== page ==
Nikiri: How to Make Sushi Shoyu (Soy Sauce)
“Nikiri (煮切り, にきり)” is mirin or sake or the mixture of the two that has been boiled down to evaporate its alcohol content (or the cooking method of the liquid seasoning), which is commonly used in Japanese cuisine.
Nikiri Shoyu for Sushi and Sashimi
For example, soy sauce used in Japanese sushi restaurants is usually neither “Koikuchi Shoyu (濃口醤油: dark soy sauce)” nor “Usukuchi Shoyu (薄口醤油: light-colored soy sauce)” but “Nikiri Shoyu (煮切り醤油: boiled-down soy sauce)” using Nikiri.
The most common, multi-purpose soy sauce, Koikuchi Shoyu generally has some acridity and is usually not used for sushi and sashimi.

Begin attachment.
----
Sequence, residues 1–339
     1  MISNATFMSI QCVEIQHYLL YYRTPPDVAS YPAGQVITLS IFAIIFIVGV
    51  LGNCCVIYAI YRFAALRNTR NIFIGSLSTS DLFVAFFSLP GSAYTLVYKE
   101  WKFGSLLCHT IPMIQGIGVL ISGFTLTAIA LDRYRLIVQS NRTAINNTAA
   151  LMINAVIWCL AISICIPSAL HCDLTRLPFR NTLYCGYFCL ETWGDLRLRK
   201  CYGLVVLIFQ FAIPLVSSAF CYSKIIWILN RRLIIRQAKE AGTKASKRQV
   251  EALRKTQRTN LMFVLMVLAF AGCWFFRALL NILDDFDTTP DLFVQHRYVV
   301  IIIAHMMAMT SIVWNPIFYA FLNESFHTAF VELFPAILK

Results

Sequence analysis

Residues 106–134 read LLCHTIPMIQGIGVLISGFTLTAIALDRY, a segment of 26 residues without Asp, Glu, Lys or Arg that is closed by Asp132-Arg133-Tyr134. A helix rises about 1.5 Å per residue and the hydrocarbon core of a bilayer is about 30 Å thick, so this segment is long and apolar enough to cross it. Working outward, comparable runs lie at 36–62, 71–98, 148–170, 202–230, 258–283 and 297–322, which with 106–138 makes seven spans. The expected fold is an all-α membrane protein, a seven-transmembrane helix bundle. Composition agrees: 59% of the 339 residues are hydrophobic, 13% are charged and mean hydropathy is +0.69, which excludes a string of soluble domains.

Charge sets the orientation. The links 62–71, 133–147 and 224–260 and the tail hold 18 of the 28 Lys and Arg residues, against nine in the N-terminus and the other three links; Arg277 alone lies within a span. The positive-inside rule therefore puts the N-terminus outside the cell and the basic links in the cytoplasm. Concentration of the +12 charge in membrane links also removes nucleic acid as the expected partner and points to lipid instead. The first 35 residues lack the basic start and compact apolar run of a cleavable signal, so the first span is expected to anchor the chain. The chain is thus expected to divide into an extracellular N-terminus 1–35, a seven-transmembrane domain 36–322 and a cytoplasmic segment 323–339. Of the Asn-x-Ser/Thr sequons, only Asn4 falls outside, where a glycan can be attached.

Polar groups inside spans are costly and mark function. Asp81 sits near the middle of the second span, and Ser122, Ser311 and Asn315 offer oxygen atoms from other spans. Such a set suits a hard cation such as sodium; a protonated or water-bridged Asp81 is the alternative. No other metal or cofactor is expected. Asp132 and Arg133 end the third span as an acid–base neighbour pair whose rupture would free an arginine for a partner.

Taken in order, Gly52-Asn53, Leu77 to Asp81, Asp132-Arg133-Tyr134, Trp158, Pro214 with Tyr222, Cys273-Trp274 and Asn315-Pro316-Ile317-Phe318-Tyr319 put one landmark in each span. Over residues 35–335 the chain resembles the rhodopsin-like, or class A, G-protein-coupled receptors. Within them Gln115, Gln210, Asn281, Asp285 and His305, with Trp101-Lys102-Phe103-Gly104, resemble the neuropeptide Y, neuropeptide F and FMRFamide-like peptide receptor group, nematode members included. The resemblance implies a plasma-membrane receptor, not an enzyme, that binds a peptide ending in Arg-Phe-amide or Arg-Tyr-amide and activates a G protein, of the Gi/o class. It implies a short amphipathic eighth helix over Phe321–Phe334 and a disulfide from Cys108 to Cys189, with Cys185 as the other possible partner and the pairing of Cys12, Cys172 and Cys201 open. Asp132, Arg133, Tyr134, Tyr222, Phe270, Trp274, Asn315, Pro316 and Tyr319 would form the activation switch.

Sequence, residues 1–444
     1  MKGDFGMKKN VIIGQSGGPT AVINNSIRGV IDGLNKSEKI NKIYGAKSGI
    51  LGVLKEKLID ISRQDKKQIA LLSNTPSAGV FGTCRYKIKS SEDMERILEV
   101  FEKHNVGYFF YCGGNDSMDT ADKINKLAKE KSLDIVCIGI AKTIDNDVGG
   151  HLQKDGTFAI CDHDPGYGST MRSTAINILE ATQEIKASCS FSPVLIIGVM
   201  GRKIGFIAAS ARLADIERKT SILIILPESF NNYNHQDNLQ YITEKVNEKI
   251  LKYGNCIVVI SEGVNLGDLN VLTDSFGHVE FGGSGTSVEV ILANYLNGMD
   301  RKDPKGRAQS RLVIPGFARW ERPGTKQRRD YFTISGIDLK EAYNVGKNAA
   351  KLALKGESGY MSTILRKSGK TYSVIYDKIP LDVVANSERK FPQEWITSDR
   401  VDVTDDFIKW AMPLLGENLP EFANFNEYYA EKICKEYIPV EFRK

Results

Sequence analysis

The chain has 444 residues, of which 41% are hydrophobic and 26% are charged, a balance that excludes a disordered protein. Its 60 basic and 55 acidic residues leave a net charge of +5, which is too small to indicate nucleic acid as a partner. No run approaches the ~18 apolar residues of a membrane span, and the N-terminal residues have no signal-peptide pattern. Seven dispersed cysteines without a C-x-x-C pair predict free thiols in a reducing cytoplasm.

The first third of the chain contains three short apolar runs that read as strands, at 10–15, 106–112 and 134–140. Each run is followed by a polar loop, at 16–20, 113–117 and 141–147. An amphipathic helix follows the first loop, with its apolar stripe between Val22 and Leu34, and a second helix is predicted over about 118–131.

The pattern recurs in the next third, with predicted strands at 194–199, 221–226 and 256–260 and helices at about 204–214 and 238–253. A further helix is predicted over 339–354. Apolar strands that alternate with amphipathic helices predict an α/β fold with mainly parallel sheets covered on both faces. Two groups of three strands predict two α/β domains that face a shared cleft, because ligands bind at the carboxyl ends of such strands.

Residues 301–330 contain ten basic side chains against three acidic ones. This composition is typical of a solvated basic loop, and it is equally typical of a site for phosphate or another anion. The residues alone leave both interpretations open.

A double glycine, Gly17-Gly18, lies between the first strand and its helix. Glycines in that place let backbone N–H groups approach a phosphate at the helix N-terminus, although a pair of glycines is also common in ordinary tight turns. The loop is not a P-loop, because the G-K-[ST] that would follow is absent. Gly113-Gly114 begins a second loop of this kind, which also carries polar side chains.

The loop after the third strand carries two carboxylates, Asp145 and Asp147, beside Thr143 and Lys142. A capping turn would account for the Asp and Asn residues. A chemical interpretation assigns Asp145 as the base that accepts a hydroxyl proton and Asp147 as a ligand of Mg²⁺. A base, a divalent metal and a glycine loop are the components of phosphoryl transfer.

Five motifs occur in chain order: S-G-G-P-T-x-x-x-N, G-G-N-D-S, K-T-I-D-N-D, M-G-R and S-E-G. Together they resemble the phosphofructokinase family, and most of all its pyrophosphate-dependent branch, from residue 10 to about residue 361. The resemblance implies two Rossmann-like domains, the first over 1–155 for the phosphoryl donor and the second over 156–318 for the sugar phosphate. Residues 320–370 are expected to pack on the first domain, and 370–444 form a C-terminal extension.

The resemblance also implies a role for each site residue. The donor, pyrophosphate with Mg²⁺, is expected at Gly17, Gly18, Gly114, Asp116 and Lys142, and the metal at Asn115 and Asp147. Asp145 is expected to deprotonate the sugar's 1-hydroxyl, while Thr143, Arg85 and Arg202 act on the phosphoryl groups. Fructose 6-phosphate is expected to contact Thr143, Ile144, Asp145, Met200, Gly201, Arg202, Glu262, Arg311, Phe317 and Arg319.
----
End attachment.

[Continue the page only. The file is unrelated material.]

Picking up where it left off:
Nikiri Shoyu, also known as Sushi Shoyu or Sashimi Shoyu, is not only used as a dipping sauce for sushi and sashimi but it can actually be used in various ways, say, as a marinade for Maguro (tuna) or Katsuo (Skipjack tuna) called “Zuke (漬け)” or as a brush-on sauce for Yaki Onigiri (grilled rice ball).
Nikiri Shoyu is often made only with Koikuchi Shoyu or dark soy sauce, but some Japanese cooks like to use a mixture of Koikuchi Shoyu and Usukuchi Shoyu. For those who want to try making the boiled-down soy sauce at home, lastly here is a basic recipe for it.
- First, put the sake and mirin into a small saucepan
- Heat the saucepan on middle heat and let the alcoholic mixture boil for 30 seconds
- Then, reduce the heat to low and add in the soy sauce
- Once the sauce starts to bubble again, turn off the heat
- Cool it down and ready to use